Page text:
When Letitia James won a four-way contest to get the Democratic nomination as attorney general earlier this month, a spot on the ballot that virtually guarantees that she will get the job in the November general election, she put the victory in a national perspective.
“This campaign was never really about me or any of the candidates who ran. It was about the people, but mostly it was about that man in the White House who can’t go a day without threatening our fundamental rights.”
True. But there is another man in government supplied housing who also needs more scrutiny, the man who endorsed her and helped get out the vote for her. If she really was doing this for the people, then it is the people of New York state who need her to show that she has their interests at heart and place them above any national concerns.
The long-evident need for an official and legal focus on the governor of New York, Andrew Cuomo, became even more clear, more urgent, with the sentencing of a man who he once said was “my father’s third son, who I sometimes think he loved the most.”
That former top aide to the younger Gov. Cuomo, Joseph Percoco, will be spending six years in prison after being convicted of collecting more than $300,000 in bribes from those in charge of companies that he used his clout to help. The Percoco crimes hit home in the Hudson Valley because one of the projects he and his wife, who earned a generous salary for a low-show job, were connected to is the controversial CPV power plant near Middletown.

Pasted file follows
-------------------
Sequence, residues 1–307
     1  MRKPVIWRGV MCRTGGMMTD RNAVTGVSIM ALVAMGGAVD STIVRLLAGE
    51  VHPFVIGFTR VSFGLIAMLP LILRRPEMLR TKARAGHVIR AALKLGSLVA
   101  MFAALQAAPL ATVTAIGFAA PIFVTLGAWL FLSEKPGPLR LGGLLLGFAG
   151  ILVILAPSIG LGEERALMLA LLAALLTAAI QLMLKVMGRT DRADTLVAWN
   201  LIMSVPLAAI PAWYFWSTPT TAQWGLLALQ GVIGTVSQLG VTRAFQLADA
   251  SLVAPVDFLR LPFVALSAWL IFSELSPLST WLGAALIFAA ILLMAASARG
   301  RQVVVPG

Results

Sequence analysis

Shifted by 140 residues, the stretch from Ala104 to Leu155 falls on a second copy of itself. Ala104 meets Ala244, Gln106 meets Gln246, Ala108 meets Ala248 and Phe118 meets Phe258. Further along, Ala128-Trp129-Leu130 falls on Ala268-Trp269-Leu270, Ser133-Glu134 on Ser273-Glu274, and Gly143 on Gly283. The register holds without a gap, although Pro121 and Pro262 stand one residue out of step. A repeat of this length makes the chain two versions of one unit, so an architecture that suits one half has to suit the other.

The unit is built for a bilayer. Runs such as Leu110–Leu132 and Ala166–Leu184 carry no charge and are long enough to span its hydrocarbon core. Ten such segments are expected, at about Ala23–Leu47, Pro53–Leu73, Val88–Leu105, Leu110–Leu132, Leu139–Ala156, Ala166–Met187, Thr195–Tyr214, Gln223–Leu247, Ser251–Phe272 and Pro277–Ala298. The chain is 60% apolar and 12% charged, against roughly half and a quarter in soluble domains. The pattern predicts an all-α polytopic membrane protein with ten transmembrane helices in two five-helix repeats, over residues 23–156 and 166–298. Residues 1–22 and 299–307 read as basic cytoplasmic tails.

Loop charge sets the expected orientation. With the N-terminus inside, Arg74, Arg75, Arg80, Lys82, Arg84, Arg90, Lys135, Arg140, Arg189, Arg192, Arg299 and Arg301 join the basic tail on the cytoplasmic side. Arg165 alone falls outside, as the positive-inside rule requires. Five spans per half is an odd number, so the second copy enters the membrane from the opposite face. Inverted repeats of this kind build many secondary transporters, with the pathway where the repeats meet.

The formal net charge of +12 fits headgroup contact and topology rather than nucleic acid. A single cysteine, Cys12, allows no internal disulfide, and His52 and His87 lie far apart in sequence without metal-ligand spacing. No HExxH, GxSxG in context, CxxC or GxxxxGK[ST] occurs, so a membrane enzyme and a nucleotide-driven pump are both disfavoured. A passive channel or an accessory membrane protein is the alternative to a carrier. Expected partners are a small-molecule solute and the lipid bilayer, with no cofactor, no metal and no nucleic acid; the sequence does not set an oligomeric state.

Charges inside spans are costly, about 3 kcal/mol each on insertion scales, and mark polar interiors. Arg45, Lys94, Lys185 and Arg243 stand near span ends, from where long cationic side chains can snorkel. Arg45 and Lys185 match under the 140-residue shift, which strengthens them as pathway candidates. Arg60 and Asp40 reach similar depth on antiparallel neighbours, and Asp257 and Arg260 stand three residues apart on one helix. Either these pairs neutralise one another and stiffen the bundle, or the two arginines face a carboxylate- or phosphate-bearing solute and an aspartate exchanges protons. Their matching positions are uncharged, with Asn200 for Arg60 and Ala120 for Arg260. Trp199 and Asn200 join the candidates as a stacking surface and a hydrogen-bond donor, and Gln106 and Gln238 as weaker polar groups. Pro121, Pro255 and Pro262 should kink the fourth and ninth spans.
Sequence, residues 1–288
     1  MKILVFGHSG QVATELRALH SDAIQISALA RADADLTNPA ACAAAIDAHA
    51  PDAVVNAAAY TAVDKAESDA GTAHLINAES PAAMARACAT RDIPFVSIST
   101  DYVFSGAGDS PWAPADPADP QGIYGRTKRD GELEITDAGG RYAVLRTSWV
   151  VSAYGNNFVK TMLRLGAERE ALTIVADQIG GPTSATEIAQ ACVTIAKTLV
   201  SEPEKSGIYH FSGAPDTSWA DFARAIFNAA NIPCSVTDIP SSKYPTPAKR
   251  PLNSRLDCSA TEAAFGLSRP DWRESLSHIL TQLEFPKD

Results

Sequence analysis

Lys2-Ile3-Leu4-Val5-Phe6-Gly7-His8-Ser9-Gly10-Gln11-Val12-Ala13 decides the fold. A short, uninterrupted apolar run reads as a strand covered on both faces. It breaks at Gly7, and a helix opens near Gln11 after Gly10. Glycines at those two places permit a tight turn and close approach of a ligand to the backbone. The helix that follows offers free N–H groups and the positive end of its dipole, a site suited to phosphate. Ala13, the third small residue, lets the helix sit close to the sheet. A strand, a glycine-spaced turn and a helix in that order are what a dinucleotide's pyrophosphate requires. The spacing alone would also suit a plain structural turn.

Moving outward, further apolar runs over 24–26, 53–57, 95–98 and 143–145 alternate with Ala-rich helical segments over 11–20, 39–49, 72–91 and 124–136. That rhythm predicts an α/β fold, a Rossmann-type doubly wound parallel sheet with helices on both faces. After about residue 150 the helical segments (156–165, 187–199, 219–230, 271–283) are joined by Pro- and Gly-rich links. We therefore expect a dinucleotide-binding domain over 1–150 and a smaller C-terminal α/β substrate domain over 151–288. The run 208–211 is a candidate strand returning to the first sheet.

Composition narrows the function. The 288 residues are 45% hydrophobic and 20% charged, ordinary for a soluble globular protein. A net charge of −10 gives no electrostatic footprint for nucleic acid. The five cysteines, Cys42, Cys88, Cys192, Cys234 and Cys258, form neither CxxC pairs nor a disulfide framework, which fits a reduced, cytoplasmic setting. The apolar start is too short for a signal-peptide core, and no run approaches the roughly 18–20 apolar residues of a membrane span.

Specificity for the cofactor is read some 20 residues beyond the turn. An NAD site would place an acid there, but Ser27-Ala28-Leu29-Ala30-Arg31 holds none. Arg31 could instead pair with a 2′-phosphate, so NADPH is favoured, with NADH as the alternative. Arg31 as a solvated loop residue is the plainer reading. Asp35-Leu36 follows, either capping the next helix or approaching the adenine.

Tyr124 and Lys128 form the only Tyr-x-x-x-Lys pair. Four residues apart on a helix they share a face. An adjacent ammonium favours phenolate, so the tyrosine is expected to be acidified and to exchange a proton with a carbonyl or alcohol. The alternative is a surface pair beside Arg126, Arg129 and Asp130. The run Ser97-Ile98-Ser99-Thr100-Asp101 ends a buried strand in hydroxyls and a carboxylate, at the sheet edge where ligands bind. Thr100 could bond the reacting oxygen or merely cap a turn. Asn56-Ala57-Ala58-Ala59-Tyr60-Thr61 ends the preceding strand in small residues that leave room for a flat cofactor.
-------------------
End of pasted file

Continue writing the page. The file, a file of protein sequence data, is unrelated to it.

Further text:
Would the plant have received the favorable treatment that allowed it to get built without his help? That was not part of the court case. But those in the region are convinced that Percoco cleared the way for this as he did for so many others who paid him illegally and that taint still surrounds the governor.
The judge imposing the sentence looked beyond the case in front of her. “I hope that this sentence will be heard in Albany,” Judge Valerie E. Caproni said at the Federal District Court in Manhattan. “Frankly, it’s not surprising that the citizenry of this state have absolutely lost faith in their government.”
It is often and correctly said that New York is run by three men in a room, the governor, the speaker of the Assembly and the leader of the Senate majority. Speaker Sheldon Silver, a Democrat, and Majority Leader Dean Skelos, a Republican, have twice been convicted on corruption charges. Now, we have the governor trying as hard as he can to distance himself from another fallen colleague.
The Republican candidate for governor, Marcus Molinaro of Poughkeepsie, is keeping the Cuomo corruption in front of the public. But the public, according to polls and primary election results, does not seem to care.
What we need is an attorney general more interested in cleaning up Albany than in serving her most powerful political patron. Letitia James can be that person, but so far she has not shown much interest.